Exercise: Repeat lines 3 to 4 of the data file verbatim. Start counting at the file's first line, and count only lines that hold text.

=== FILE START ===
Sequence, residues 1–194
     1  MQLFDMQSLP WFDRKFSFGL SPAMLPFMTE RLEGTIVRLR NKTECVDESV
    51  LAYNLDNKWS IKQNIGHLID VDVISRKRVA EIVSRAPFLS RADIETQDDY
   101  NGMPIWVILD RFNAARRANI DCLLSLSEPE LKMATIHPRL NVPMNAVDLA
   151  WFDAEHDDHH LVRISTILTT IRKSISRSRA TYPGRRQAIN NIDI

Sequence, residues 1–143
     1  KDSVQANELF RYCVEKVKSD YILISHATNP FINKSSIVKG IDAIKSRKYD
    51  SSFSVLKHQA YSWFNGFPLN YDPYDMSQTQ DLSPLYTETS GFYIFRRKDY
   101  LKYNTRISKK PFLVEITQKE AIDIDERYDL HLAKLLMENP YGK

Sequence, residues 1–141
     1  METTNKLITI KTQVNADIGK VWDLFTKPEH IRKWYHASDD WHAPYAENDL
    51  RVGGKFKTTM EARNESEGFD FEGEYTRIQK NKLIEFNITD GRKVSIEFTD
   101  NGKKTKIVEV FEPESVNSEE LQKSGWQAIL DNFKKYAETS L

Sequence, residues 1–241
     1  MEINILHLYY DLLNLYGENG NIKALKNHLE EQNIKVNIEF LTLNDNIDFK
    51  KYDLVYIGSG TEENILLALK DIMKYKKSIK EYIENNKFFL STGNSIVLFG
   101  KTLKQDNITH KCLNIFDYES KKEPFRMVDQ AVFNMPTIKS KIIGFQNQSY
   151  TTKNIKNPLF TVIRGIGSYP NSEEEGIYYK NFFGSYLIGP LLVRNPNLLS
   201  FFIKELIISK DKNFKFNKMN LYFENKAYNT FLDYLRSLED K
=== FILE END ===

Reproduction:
    51  LAYNLDNKWS IKQNIGHLID VDVISRKRVA EIVSRAPFLS RADIETQDDY
   101  NGMPIWVILD RFNAARRANI DCLLSLSEPE LKMATIHPRL NVPMNAVDLA